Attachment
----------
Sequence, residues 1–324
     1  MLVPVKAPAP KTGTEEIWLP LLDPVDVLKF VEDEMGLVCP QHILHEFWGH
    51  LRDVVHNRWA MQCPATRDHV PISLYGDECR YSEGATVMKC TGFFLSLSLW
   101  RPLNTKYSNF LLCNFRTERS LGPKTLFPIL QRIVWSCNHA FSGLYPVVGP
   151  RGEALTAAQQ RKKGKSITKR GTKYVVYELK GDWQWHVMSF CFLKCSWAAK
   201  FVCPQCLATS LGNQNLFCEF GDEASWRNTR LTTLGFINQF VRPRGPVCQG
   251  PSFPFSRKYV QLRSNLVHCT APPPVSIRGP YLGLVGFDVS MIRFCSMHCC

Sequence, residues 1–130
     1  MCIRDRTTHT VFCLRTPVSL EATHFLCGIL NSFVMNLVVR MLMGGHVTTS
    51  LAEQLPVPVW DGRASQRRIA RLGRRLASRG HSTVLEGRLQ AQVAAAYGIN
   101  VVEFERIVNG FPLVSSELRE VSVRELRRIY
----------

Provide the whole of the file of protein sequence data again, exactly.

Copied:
Sequence, residues 1–324
     1  MLVPVKAPAP KTGTEEIWLP LLDPVDVLKF VEDEMGLVCP QHILHEFWGH
    51  LRDVVHNRWA MQCPATRDHV PISLYGDECR YSEGATVMKC TGFFLSLSLW
   101  RPLNTKYSNF LLCNFRTERS LGPKTLFPIL QRIVWSCNHA FSGLYPVVGP
   151  RGEALTAAQQ RKKGKSITKR GTKYVVYELK GDWQWHVMSF CFLKCSWAAK
   201  FVCPQCLATS LGNQNLFCEF GDEASWRNTR LTTLGFINQF VRPRGPVCQG
   251  PSFPFSRKYV QLRSNLVHCT APPPVSIRGP YLGLVGFDVS MIRFCSMHCC

Sequence, residues 1–130
     1  MCIRDRTTHT VFCLRTPVSL EATHFLCGIL NSFVMNLVVR MLMGGHVTTS
    51  LAEQLPVPVW DGRASQRRIA RLGRRLASRG HSTVLEGRLQ AQVAAAYGIN
   101  VVEFERIVNG FPLVSSELRE VSVRELRRIY